UK - A UK-based pensions consultant has urged defined benefit pension schemes to abandon their traditional investment approach for a risk-based investment approach where assets are more closely matched to scheme liabilities, as officials believe there is still too much emphasis on equities.

In a paper entitled Strategic Asset (Mis)Allocation, Institutional Investment Advisors (IIA) argued most UK DB schemes still hold too high a proportion of their assets in equities - a move which it said offers a poor economic hedge for the underlying liabilities.

Moreover, equities also create the conditions for a very volatile solvency position, according to Paul Roby, director at IIA.

"Trustees and sponsors of pension funds have not been given good advice in terms of strategic asset allocation," said Roby.

"From 2003 to 2007, employers tried to get out of a hole by investing in equities but they failed to take gains off the table. They have got to look on equities as a speculative activity and actively trade them."

According to the IIA paper, a high equity allocation creates a significant contingent financing risk on the sponsoring employer, which in a downturn could result in reduced dividend payments, and in extreme cases threaten the ongoing viability of the whole business.

The paper suggested DB schemes with significant equity allocations should target eventual fund self-sufficiency over a medium-term time horizon, although this would require changes to their investment strategy, and a revised schedule of contributions.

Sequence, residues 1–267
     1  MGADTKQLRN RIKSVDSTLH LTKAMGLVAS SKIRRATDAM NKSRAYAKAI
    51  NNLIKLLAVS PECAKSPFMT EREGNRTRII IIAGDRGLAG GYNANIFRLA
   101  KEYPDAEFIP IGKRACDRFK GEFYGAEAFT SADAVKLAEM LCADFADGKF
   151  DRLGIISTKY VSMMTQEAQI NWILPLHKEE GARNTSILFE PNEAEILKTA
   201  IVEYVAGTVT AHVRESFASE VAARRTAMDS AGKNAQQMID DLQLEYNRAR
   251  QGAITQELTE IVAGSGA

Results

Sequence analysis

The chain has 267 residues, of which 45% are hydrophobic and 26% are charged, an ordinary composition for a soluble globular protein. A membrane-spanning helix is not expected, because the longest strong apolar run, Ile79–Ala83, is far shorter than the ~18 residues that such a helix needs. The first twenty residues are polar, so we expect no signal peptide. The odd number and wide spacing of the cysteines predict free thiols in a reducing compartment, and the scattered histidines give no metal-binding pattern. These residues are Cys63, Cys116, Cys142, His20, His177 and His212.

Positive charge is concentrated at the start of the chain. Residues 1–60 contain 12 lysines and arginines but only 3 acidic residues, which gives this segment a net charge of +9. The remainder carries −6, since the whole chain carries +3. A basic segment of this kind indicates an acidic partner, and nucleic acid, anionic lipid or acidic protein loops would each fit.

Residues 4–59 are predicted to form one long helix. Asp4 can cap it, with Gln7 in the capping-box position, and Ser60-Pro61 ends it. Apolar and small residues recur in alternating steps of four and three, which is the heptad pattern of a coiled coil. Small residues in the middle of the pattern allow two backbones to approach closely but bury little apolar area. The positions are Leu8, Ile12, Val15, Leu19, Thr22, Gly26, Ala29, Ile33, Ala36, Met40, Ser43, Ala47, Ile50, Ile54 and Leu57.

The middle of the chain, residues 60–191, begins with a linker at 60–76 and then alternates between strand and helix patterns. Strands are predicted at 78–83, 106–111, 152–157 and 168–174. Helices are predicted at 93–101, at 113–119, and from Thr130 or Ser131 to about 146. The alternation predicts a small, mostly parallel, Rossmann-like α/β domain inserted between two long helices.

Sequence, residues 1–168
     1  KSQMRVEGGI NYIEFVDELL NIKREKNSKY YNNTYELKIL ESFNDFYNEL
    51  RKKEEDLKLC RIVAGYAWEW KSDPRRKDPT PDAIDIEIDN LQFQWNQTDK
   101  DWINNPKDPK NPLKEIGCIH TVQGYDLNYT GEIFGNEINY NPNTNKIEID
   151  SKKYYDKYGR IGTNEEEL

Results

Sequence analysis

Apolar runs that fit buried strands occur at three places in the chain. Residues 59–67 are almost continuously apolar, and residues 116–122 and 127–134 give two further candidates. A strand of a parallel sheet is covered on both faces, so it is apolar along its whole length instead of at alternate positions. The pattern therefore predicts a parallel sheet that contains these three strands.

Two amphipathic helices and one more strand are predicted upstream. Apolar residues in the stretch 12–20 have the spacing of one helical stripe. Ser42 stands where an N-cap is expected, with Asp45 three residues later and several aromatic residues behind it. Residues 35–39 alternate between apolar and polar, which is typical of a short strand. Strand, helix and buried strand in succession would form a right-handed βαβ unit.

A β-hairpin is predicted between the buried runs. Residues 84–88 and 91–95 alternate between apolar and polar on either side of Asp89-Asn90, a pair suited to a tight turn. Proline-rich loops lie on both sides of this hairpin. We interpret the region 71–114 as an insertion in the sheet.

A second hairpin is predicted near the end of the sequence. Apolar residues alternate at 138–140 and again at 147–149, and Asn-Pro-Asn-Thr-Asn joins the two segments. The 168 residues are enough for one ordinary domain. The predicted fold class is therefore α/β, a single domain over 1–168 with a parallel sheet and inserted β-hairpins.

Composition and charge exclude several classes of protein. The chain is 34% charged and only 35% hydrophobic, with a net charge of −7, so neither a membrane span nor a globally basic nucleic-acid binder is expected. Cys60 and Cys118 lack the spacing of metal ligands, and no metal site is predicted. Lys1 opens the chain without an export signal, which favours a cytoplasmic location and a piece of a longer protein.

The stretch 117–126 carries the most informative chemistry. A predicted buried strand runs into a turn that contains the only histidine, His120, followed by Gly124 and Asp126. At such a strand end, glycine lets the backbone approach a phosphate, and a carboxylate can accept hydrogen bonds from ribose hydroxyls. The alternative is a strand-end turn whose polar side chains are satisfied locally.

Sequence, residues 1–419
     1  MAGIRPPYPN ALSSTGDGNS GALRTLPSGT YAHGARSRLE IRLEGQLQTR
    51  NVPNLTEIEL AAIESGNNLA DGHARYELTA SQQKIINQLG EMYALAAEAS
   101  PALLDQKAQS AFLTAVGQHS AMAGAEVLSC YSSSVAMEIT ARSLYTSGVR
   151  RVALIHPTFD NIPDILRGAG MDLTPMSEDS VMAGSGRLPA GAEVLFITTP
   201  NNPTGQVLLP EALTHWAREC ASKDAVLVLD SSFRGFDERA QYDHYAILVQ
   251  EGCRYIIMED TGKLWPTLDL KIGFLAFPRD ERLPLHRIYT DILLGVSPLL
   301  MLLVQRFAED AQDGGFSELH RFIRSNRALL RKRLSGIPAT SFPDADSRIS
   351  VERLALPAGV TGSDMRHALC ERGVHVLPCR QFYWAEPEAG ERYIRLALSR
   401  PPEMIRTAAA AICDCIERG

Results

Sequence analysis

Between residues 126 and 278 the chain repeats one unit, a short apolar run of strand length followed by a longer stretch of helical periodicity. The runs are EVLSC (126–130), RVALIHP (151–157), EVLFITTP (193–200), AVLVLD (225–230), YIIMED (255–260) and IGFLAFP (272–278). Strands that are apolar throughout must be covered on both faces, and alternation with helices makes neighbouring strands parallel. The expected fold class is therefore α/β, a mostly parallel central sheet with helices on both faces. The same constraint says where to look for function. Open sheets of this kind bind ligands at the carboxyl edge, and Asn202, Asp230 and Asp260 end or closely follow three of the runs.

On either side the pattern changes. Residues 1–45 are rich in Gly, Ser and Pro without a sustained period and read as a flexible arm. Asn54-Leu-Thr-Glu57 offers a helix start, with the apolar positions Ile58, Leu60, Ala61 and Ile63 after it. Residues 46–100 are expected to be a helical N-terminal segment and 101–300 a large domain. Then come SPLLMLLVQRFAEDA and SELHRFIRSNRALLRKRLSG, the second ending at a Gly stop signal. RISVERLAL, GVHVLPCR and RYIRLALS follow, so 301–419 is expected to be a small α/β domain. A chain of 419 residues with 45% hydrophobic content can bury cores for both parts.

To achieve this, schemes should establish a dynamic asset allocation programme to achieve a gradual reduction in their equity allocation, claimed IIA.

The paper also claimed asset allocation should be focused on assets which are more closely matched with the scheme's liabilities and which produce more predictable cashflows over time.

This would include traditional bond-type assets, and also other asset types, such as high-quality structured credit investments producing Libor-plus returns, while interest rate and inflation derivative overlays should be used when the pricing is acceptable, according to IIA.

Meanwhile, Towers Perrin has calculated that the £44bn (€50.8bn) combined pension deficits of FTSE100 companies as at the end of May could have been reduced by two-thirds to £15bn if these companies had taken steps to de-risk their pension plans at the end of 2007.

This would have required them to switch half their equity holdings to bonds in December 2007, said Mark Duke, head of pensions at Towers Perrin.

"Some FTSE100 companies took steps to de-risk their pension plans before the crash in asset values but many did not. Putting in place automated triggers that will switch to de-risked assets when market conditions are right will help prevent a repeat of the damage caused by the credit crisis," he added.

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